Put your phone on airplane mode to charge it faster (but you knew that one already)
Dangle a fork into an opened bottle of champagne to keep it fizzy (This is an old myth I think. Apparently it makes no difference).
Noel Gallagher story about champagne “Arr kid” means his brother Liam
(Liam had a fork in a pint of milk because he thought it would keep it fresh)
That’s the end of this episode, have a lovely morning, day, afternoon or night and I’ll speak to you next time!
Hello dear listeners and welcome back to the podcast. This episode features a 4-way conversation between three of my friends and me, recorded on Zoom recently (other video conferencing platforms are available), and it’s basically us asking each other questions in a sort of 4-way interview scenario. I think it should be a fun conversation to listen to but I also think it will probably be a challenge for your listening skills. That is what I expect but I will let you find out for yourself.
Upcoming YouTube Live Stream
Before we get started on that, I just want to remind you about the YouTube live stream I’m doing on Wednesday 10 June at 3PM CET.
Did you hear the announcement episode I published at the weekend? Well, if you did, then you’ll know all about this.
I’m doing another YouTube Live Stream on Wednesday 10 June at 3PM Paris time, and you are invited to join me. I’m going to be messing around, answering questions from listeners in the chat, maybe singing a couple of songs with the guitar, and generally just hanging out with my audience on YouTube.
If you can’t make it, the video (and audio) will be published later so you will still be able to watch it or hear it. I’m doing it at 3PM on a Wednesday because my daughter will be in the nursery (or creche as they call it in France – the daycare centre) and so I’m free to get up to some online antics, and at the weekend it’s family time – so, midweek and in the afternoon (my time) is just the right time for me to do it.
Anyway, join me on Wednesday 10 June at 3PM for a YouTube Live “Ask Me Anything / Hang Out with Luke”. To find the specific location on YouTube, check the show notes for this episode and you’ll find a YouTube link or just subscribe to my YouTube channel – that’s Luke’s English Podcast and click the bell icon to receive a notification when I go live.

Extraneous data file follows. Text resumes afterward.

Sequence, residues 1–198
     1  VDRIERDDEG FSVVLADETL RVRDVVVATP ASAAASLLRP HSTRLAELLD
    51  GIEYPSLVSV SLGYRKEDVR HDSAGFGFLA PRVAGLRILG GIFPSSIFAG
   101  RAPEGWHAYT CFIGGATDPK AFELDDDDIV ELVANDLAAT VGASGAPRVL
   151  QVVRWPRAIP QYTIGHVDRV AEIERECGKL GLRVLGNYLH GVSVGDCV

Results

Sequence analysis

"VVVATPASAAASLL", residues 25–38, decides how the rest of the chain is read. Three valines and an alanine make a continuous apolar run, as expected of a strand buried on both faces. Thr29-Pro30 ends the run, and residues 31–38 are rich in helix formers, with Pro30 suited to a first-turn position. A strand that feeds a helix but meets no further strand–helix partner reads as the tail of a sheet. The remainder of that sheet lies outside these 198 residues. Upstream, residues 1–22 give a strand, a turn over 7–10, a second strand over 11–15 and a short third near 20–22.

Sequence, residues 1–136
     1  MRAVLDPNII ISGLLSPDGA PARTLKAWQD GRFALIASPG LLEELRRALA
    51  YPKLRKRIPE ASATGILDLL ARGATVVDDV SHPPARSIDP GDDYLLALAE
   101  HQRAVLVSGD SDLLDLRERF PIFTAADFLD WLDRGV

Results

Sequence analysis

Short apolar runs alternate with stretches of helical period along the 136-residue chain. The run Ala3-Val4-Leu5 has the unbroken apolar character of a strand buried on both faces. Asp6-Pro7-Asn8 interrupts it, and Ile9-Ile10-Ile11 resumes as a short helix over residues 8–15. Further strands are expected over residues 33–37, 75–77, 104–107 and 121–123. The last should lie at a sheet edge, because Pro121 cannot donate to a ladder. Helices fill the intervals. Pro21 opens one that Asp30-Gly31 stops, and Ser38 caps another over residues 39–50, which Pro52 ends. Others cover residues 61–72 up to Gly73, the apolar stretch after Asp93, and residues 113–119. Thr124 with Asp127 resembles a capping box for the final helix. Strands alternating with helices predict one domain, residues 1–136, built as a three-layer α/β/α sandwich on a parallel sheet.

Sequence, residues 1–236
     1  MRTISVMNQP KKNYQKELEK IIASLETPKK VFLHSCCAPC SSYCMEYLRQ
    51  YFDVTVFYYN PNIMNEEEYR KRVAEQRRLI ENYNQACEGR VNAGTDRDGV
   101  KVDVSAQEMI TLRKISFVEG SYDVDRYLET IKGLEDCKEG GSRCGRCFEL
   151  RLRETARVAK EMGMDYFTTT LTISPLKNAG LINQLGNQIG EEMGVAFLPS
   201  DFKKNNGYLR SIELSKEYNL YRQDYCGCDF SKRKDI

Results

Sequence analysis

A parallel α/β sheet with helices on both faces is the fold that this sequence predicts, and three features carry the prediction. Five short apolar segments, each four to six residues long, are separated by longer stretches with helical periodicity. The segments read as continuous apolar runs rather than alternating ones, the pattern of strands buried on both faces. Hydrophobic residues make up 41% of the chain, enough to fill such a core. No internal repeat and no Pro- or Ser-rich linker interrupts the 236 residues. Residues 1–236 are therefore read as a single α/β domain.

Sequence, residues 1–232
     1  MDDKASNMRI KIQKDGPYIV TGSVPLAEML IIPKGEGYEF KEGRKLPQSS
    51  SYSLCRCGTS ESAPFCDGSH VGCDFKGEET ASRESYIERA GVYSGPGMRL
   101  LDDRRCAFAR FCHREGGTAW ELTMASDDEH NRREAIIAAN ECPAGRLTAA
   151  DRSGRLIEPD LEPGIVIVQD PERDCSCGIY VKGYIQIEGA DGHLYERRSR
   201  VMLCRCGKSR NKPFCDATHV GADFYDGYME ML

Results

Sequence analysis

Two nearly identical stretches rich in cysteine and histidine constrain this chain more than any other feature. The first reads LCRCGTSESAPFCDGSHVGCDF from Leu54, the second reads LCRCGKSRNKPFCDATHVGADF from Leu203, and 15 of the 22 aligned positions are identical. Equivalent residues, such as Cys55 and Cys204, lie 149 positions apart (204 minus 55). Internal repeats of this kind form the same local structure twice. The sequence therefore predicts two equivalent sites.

OK, so that’s that…
This is number 667, and here is my introduction…
This intro is quite long but I’ve done that on purpose to help you understand what I think will be a difficult episode, but if you really prefer, you can skip forward to approximately 22mins but of course if you skip forward you won’t know what you’ve missed and you’ll live the rest of your life thinking “I wonder what Luke said in that introduction to episode 667? What did I miss? And when you’re old and grey and near the end of your life and you’re asked by a grandchild one day, “Do you have any regrets?” you might manage to say “If I have one regret, it’s that I skipped that introduction to episode 667, that’s …that is my only regret in life. I skipped the introduction and I didn’t fully understand that conversation with his friends. I didn’t have sufficient context. A lot of jokes went over my head. Oh, it was confusing and I just gave up on learning English. And that’s when it all went wrong for me. I’m sorry children. It still haunts me to this day. What did he say? What did I miss…? I suppose I’ll never know.” So, if you want that to be you, just skip ahead to 22mins now.
Ok so you’re still with me. You didn’t skip ahead. Excellent choice. You’ll be fine now, for the rest of your life. Everything in your life is just going to slot into place now, just right. It’s going to be perfect from now on. You’ll have no regrets and it’s all going to be roses. Just remember though, when you are sipping cocktails on your own private yacht somewhere in the future. Just remember to thank me, OK.
One of the only good things about the coronavirus pandemic lockdown confinement social distancing isolation situation is that it has encouraged people to get in contact with each other more than they normally would. Maybe this is because we’re unable to get together physically (if you know what I mean), so we’re making up for it by calling each other more, or we’re just aware that it’s important to stay connected during this weird time, in order to make ourselves feel a bit better.
I don’t know if it’s the same for you but I’ve been in touch with friends and family more than usual during this time, including my mates Paul Langton, Alex Love and Moz. We’ve had a few Zoom calls together recently just to have fun chatting and also to generally keep our spirits up. Paul, Alex and Moz have all been on the podcast before so I thought it might be fun during one of our Zoom calls for us to reunite on the podcast again, for the first time in years. And that’s what you’re going to hear today. This episode was recorded during the lockdown with me in Paris and the others in their homes in England.
This was recorded 2 or 3 weeks ago when the lockdown was fully in place both in France and the UK.
The four of us first recorded podcasts together at the Brighton Fringe Festival in episodes 104, 105 and 106, then there was the Slightly Drunk Episode (ep 109) and On a Boat (ep226), recorded on Moz’s narrow boat. I wonder if you’ve heard those episodes? Let me know if you remember Paul, Alex, Moz and me sitting on the beach in Brighton and the creation of Luke Johnson, my evil clone. Do you remember us sharing beers inside Moz’s boat one summer evening and talking nonsense in my flat and other weird moments from deep in the episode archive?
Super-duper long term listeners will remember those episodes, but for those that don’t know here is a quick summary of some background context to help you understand this episode a lot more.
Forgive me for rambling on in this introduction (as usual). I know this is long but this kind of context is essential to help language learners understand a conversation between four friends, and listening to a group of friends chatting can be really hard in another language.